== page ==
i
h
(4.3)
λ (σ n+1 , τ )Ωtn+1 − (σ n , τ )Ωtn
h
1
+λ ∆t c(e
un+1 − wn+ 2 , σ n+1 , τ )Ω n+ 1 + c(u∗ n+1 , σ n+1 , τ )Ω n+ 1
2
t
−(σ
h
+∆t (σ
n+1
(∇ · w
n+ 21
), τ )Ω n+ 1 + (ga (σ
t
n+1
n+1
u
, τ )Ω n+ 1 − 2α(D(e
t
2
2
), τ )Ω n+ 1
t
2
= 2α ∆t(D(u∗ n+1 ), τ )Ω n+ 1 ,
n+1
, ∇b
), τ )Ω n+ 1
2
t
i
i
2
t
(4.4)
2
t
n+1
h
£ n+1
¤
e n+1 , v)Ω n+ 1
ρ (e
u
, v)Ωtn+1 − (e
un , v)Ωtn + ∆t ρ b(e
un+1 , u
t
n+1
−(e
u
(∇ · w
n+ 21
), v)Ω n+ 1 − (w
t
n+ 21
2
n+1
· ∇e
u
, v)Ω n+ 1
t
i2
n+1
∗ n+1
· ∇e
u
, v)Ω n+ 1
+ (u
2
+(e
un+1 · ∇u∗ n+1 , v)Ω n+ 1
2
2
t
t
£
n+1
n+1
, D(v))Ω n+ 1
+∆t 2(1 − α)(D(e
u
), D(v))Ω n+ 1 + (σ
2
2
t
t
¤
n+1
+(p
, ∇ · v)Ω n+ 1
2
t
·
1
= ∆t (f n+ 2 , v)Ω n+ 1
−ρ
µ
t
∗ n+1
∂u
∂t
2
|y +(u∗ n+1 − wn+ 2 ) · ∇u∗ n+1 , v
1
¸
−2(1 − α)(D(u∗ n+1 ), D(v))Ω n+ 1 ,
t
(4.5)
e n+1 )Ω n+ 1 = 0 ,
(q, ∇ · u
t
2
for all (τ , v, q) ∈ Σh,t × Uh,t × Qh,t .
2
¶
Ω
n+ 1
2
t
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T HEOREM 4.3. A solution to the fully discretized system (4.3)–(4.5) satisfies the inequality
(4.6)
λ n+1 2
kσ
k0,Ωtn+1 + αρke
un+1 k21,Ωtn+1
2
n ·
X
2α(1 − α)Cp2 ke
ui+1 k21,Ω
+∆t
i=0
n
+∆t
λX
2 i=0
Z
1 − 4λM i+1 2
kσ k0,Ω 1
i+
2
2
t
((u∗ i+1 − wi+1 ) · n)|σ i+1 |2 dΓ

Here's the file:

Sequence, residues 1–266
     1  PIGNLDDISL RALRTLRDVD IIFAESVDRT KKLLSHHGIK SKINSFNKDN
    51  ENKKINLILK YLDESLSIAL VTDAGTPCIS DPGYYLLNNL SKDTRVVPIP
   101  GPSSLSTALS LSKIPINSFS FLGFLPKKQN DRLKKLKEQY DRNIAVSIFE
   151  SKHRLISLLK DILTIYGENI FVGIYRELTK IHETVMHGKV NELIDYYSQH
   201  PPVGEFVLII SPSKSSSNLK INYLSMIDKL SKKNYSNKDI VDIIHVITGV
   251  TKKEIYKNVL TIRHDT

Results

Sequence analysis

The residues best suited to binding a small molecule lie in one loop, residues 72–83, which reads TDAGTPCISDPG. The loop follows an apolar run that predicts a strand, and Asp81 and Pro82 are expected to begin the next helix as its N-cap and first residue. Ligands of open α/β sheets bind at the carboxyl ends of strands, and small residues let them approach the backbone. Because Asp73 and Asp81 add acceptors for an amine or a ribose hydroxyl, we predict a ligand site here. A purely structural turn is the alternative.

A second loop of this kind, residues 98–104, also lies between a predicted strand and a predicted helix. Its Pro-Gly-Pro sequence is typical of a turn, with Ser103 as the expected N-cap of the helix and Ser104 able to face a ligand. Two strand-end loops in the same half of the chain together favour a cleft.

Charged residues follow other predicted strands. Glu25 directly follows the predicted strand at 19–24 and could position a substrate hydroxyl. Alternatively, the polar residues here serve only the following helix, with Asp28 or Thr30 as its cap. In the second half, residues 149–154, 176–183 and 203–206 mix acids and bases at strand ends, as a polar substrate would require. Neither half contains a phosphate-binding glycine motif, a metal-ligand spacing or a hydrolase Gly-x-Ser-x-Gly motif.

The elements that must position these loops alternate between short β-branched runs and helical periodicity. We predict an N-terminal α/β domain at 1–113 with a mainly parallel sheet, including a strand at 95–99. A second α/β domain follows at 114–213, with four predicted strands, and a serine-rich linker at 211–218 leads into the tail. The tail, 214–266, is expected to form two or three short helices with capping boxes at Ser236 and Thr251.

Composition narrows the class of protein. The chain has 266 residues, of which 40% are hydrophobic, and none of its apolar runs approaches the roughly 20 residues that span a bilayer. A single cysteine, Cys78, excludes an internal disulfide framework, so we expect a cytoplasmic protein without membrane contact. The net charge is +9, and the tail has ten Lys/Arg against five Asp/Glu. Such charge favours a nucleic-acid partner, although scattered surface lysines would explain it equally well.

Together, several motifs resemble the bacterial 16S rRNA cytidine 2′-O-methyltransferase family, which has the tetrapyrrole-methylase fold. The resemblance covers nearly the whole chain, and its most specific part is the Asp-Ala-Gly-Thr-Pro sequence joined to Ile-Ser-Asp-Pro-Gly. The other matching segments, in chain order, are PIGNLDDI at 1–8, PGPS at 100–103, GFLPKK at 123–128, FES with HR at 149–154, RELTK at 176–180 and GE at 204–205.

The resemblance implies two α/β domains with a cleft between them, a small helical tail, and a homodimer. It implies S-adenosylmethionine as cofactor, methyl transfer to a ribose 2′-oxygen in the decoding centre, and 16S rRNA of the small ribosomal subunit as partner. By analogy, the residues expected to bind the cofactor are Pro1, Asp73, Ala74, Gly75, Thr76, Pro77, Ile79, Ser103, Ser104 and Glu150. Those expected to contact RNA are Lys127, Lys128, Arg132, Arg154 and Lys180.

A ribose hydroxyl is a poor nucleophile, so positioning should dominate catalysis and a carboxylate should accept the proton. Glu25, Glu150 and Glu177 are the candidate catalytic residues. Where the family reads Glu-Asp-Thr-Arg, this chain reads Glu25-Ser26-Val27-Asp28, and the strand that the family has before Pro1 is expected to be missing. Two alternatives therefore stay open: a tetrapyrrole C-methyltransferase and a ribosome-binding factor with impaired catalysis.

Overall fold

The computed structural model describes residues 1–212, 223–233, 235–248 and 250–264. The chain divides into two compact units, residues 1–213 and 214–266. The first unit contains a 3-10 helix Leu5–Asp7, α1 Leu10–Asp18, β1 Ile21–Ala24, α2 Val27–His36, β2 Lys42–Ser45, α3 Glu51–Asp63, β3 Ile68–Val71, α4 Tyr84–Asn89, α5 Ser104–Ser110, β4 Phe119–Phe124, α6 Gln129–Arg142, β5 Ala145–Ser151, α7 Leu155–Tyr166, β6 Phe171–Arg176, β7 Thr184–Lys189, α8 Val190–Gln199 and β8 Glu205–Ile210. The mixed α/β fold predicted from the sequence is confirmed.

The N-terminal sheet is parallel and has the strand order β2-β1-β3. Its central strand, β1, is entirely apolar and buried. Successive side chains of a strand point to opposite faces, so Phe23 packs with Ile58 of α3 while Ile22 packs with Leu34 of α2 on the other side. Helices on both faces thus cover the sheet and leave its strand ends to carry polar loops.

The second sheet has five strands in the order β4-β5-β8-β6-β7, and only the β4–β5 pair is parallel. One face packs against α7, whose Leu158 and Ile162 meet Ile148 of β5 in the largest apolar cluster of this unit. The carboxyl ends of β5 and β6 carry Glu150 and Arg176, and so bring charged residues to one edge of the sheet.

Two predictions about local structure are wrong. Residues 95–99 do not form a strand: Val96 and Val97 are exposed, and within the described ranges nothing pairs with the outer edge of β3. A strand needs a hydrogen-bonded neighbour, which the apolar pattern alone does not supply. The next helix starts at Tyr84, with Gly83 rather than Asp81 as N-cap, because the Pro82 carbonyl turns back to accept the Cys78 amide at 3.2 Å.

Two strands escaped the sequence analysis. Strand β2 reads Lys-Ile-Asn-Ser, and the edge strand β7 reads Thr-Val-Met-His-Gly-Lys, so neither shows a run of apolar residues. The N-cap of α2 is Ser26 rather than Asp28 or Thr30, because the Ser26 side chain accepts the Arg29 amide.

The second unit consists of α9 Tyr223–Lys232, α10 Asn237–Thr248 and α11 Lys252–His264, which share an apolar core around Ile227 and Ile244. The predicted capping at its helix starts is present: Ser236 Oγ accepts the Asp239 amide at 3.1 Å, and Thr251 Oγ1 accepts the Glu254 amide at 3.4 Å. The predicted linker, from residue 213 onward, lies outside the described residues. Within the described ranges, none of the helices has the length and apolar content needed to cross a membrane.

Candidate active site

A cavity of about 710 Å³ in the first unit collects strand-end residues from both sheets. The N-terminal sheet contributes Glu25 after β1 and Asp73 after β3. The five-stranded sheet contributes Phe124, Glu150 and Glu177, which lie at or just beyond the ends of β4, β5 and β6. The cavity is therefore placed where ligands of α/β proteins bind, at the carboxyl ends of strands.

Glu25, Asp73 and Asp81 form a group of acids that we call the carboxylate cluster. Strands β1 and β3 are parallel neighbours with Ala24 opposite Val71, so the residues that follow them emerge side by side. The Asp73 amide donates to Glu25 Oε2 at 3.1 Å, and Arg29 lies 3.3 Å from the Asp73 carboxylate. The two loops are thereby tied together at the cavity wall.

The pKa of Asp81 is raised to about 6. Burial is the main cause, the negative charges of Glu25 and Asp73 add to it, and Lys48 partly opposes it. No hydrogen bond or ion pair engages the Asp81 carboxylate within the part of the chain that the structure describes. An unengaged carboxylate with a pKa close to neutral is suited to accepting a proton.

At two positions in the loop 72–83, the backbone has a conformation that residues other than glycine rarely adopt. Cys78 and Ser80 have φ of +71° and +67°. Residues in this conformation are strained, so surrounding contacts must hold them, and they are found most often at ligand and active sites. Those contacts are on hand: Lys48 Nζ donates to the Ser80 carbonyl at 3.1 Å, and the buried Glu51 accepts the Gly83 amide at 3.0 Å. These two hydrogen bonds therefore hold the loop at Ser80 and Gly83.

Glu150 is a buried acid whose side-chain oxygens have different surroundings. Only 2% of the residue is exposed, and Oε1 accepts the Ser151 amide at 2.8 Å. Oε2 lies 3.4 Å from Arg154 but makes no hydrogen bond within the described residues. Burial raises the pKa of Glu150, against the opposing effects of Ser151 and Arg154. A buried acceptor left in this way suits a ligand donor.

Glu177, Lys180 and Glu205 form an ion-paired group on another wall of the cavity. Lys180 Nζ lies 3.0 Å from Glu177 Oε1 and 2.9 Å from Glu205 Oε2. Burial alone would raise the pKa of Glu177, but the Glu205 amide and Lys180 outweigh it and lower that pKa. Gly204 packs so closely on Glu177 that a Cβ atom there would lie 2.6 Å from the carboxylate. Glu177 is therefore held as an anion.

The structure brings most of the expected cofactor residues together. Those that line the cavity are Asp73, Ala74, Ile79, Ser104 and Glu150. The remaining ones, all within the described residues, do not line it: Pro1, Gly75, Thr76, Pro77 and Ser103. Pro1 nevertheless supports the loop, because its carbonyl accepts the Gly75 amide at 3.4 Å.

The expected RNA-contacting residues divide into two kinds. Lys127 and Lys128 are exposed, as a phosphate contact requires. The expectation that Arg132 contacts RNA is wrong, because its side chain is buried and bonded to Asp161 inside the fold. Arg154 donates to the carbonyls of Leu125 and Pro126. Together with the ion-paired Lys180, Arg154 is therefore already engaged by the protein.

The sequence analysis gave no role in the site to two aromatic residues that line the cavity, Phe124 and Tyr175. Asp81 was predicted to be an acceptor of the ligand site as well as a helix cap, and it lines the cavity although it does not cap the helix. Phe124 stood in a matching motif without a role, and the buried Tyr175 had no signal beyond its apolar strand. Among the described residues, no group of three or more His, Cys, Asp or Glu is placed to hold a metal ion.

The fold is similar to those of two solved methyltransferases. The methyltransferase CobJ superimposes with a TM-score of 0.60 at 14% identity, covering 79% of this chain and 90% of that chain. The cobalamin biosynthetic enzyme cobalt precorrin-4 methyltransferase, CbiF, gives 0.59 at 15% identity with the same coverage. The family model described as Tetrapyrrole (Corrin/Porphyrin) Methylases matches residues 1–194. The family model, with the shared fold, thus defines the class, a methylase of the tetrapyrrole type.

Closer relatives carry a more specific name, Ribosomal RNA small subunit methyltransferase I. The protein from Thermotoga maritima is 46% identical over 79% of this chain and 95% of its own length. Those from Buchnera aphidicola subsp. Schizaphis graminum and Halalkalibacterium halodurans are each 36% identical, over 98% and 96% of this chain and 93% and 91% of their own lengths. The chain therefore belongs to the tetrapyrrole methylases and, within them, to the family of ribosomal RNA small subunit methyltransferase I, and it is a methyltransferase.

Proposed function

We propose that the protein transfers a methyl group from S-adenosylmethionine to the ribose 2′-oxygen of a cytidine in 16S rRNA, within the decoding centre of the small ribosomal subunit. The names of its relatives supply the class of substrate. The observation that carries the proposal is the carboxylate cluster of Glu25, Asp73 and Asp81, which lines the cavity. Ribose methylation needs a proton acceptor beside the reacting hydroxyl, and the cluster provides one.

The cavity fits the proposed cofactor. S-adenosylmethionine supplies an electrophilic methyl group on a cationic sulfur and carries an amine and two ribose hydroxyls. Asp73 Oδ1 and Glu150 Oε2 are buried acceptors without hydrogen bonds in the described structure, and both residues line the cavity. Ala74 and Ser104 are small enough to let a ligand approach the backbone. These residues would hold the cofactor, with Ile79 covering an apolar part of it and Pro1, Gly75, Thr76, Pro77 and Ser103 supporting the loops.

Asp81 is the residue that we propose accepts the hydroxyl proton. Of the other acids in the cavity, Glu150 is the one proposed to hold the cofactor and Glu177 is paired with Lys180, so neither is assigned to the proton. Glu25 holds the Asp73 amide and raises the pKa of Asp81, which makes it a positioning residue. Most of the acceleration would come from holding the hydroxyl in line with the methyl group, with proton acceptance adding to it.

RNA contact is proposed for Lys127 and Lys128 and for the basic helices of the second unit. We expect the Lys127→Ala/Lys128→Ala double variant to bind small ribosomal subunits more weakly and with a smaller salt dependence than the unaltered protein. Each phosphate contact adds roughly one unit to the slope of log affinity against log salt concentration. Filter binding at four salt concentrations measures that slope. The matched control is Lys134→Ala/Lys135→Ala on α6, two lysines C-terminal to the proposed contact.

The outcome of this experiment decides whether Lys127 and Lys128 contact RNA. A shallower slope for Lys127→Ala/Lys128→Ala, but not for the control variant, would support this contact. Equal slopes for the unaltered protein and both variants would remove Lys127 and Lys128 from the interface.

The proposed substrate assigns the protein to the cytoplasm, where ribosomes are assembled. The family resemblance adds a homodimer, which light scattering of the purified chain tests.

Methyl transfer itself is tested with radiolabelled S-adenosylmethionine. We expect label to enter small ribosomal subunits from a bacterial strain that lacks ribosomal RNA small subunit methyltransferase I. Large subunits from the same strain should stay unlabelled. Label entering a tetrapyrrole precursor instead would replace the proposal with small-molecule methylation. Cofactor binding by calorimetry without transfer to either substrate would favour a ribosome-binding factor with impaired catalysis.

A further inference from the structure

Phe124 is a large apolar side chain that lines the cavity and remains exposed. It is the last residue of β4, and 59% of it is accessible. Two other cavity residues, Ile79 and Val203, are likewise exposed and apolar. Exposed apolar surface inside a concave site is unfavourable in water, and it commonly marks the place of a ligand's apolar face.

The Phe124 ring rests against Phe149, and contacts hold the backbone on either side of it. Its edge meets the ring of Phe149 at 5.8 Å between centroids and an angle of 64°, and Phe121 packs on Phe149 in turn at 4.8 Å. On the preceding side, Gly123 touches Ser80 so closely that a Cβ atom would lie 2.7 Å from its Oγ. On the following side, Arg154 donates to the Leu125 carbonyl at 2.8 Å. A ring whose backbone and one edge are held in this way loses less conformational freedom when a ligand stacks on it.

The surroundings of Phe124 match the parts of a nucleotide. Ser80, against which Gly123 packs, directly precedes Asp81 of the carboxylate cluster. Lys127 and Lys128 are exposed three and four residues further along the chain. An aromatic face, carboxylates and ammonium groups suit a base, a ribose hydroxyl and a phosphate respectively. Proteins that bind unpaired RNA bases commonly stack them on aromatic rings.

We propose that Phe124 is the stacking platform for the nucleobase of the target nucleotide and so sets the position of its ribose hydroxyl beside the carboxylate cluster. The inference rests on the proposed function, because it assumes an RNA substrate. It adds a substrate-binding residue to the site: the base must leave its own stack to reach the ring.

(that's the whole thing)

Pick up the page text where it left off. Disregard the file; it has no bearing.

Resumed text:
Γ
i+ 1
2
t
λ 0 2
kσ k0,Ω0 + αρke
u0 k21,Ω0
2
"
n
X
1
kf i+ 2 k2−1,Ω
+C ∆t
≤
i+ 1
2
t
+
i=0
°
°
° ∂u∗ i+1 °2
°
°
|y °
+°
°
° ∂t
i+ 1
2
t
0,Ω
+ku∗ i+1 k41,Ω
i+ 1
2
t
+
¸
1
ti+ 2
i+ 1
2
t
ku∗ i+1 k21,Ω
i+ 1
2
t
#
.
e n+1 and q = pn+1 in (4.3)–(4.5), we obtain
Proof. Letting τ = σ n+1 , v = u
un+1 k21,Ωtn+1
(4.7) λkσ n+1 k20,Ωtn+1 + 2α ρke
h
1
+λ ∆t c(e
un+1 − wn+ 2 , σ n+1 , σ n+1 )Ω n+ 1
t
2
i
1
(∇ · wn+ 2 ), σ n+1 )Ω n+ 1
,σ
,σ
)Ω n+ 1 − (σ
2
2
t
t
h
n+1
n+ 21
n+1
n+1
n+1
n+1
e
e
e
u
(∇ · w
+2∆t αρ b(e
u
,u
,u
)Ω n+ 1 − (e
), u
)Ω n+ 1
∗ n+1
+c(u
n+1
n+1
n+1
2
t
2
t
e n+1 )Ω n+ 1 + (e
e n+1 )Ω n+ 1
un+1 , u
−(wn+ 2 · ∇e
un+1 · ∇u∗ n+1 , u
2
2
t
t
i
n+1
n+1
∗ n+1
e
· ∇e
u
,u
)Ω n+ 1
+(u
1
t
2
e n+1 ), (σ n+1 , u
e n+1 ))Ω n+ 1
+∆t At ((σ n+1 , u
t
2
1
e n+1 )Ωtn + ∆t (e
un , u
f n+ 2 , (un+1 , σ n+1 ))Ω n+ 1 ,
= λ(σ n , σ n+1 )Ωtn + 2α ρ(e
2
t
1
where (e